Not only does sugar make foods tastier and lend a great texture to baked goods, it can also help preserve jellies, sauces, and dressings. While it’s hard to avoid sugar completely, consuming too much of it can be harmful to your health.
Are you a big fan of fruit juice, candy, and sugary foods? If so, you’re at risk of developing more cavities than the average person. Certain bacteria that are naturally present in the mouth thrive off of sugar. Once sugar is consumed it interacts with these bacteria to produce acid, which attacks teeth and promotes tooth decay.
Eating sugar gives your body a quick boost of energy. But after that brief surge, you’ll start to feel drowsy; especially if you’ve just eaten a huge piece of chocolate cake. When you eat a lot of sugar, your blood glucose (amount of sugar in the blood) rises almost instantly. To restore balance, the pancreas releases large amounts of insulin, signalling your cells to use the sugar as fuel. The result is reactive hypoglycemia … and fatigue.
Contrary to popular belief, sugar doesn’t help us stay alert. In fact, researchers have discovered that sugar reduces alertness for 60 minutes after consumption.
Sugar and vitamin B just don’t mix. When you consume sugary foods, your body has a hard time absorbing vitamin B, a nutrient that greatly influences mood. Vitamin B deficiency can actually make you feel more depressed, especially if your daily sugar consumption is high.
Every time you eat sugary foods, sugar particles rush into your bloodstream. To restore balance, your cells activate, release water, and send thirst signals to your brain. When this happens, you can only think about one thing: a large glass of water.
When you eat sugary foods, your pancreas releases insulin. This hormone’s job is to restore blood sugar levels. How? It moves sugar from your bloodstream into your cells. Once inside your cells, unused glucose is stored as fat, a process that promotes weight gain.
Consuming moderate amounts of sugar is not usually considered a risk factor for headaches. This is not true, however, if you consume excessive quantities of sugar. Too much sugar increases insulin levels and can provoke a sudden drop in blood sugar, resulting in headaches.
Regular sugar consumption causes glycation, a chemical reaction that prompts skin to age prematurely. Skin becomes less flexible and elastic, which promotes the emergence of new wrinkles and accentuates existing ones. Skin also becomes drier and appears more drawn.
Persistent sugar cravings
Sugar addiction is sometimes compared to a roller coaster. When you eat sugary foods, your blood sugar levels increase before suddenly dropping as your body releases insulin. Lacking energy, you look for foods that will quickly recharge your batteries – sugary foods – thus repeating the cycle.
Regular bouts of diarrhea
Sugar, namely fructose, is not your intestines’ best friend. If you ingest large amounts of sugar-laden foods, your intestines will likely expel more water and electrolytes than usual, and will eventually succumb to diarrhea.
When you eat lots of sugar, your blood glucose levels fluctuate wildly, which has a strong influence on your mood. In short, it can make you feel bad, and anxious people may actually see their symptoms worsen. In a study targeting elderly adults, researchers noticed that the subjects suffering most from anxiety were also those who primarily ate foods rich in saturated fat and sugar.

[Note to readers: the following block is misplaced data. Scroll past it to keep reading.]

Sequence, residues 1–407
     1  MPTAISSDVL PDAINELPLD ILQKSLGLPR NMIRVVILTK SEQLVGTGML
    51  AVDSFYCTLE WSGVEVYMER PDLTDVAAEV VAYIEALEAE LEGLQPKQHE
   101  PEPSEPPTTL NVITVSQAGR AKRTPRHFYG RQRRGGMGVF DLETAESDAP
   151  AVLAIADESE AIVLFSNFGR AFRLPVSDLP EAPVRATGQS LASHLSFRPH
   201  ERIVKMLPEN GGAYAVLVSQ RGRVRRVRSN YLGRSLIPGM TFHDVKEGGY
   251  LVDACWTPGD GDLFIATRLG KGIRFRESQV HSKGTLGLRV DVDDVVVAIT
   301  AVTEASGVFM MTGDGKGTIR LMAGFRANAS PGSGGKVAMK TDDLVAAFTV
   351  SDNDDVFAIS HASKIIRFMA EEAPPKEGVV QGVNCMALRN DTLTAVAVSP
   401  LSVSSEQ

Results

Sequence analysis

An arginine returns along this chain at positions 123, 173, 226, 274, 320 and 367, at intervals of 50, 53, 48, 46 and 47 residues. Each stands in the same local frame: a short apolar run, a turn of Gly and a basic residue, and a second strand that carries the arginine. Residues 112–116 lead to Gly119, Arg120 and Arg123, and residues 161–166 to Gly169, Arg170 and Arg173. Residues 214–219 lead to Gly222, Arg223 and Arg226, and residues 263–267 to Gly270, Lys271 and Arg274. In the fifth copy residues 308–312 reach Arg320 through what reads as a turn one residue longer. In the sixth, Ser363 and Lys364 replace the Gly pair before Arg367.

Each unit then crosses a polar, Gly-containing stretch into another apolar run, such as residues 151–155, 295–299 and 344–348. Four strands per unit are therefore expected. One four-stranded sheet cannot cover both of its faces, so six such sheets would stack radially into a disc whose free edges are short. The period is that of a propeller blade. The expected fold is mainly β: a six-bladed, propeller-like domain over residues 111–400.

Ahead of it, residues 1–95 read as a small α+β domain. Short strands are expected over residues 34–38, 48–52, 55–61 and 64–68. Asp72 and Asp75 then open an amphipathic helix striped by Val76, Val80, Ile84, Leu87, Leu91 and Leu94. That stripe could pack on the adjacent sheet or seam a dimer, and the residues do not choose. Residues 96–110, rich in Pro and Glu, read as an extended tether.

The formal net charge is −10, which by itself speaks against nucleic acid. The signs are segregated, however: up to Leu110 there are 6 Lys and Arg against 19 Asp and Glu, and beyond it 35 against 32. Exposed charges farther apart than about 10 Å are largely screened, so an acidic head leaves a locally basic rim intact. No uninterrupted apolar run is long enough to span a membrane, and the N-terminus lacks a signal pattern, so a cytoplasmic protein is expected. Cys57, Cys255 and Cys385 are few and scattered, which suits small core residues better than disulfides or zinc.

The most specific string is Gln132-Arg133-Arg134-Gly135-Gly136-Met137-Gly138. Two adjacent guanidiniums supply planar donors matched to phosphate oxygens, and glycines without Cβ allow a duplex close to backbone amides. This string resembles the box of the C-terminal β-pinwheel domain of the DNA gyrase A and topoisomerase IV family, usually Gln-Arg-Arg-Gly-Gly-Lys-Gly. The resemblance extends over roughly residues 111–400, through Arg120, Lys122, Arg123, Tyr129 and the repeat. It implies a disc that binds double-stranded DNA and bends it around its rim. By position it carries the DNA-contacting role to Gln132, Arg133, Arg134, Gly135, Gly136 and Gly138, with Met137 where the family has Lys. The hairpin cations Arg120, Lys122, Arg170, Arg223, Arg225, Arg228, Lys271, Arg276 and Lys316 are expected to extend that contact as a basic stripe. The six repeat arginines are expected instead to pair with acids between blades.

Using sugar to relieve stress
Do you reach for sweets every time you feel stressed? Perhaps you should look for a better way to calm down. While sugar can provide short-term comfort, it’s definitely not the best option for stress relief. You may even become more stressed than before.
If you regularly suffer from insomnia, you should take a look at how much sugar you eat. Difficulty sleeping has been linked to refined sugars. One study showed that a diet rich in high-glycemic foods is a risk factor for developing insomnia, while eating plenty of fresh fruit and vegetables improves sleep issues.
Eating too many desserts
If you can’t leave the table without eating a sweet dessert, you’re probably consuming too much sugar. Choose fruit instead, eat more slowly, or rethink your diet
Sugary foods, which are usually low in fibre, only calm hunger pangs for a short time. In fact, one study has shown that consuming fructose interferes with appetite control. In other words, the more sugary foods you eat, the hungrier you get.
Several studies have shown a direct link between high-fat and high-sugar foods and inflammation in the body. People with arthritis should avoid sugar for this reason. Consuming sugary drinks has also been associated with rheumatoid arthritis and arthritis.
Sugar is a natural diuretic, meaning you’ll urinate more often if you consume large quantities. Why? Sugar reduces the amount of water reabsorbed by the kidneys. What’s more, if your blood sugar levels become too high (hyperglycemia), sugar will enter your urine (glycosuria) and even more water will be expelled, meaning that the washroom will soon become your favourite room in the house.
High blood pressure
While salt is known to raise blood pressure, the real culprit may be sugar. In one study, researchers found that consuming fructose increased blood pressure.
About 15 to 30 minutes after ingesting sugar-laden food, your body releases cortisol and epinephrine, two hormones that boost your heart rate and blood pressure, making you sweat. If you eat sugary foods all day, your system has to continuously fight this stress, which causes sustained perspiration.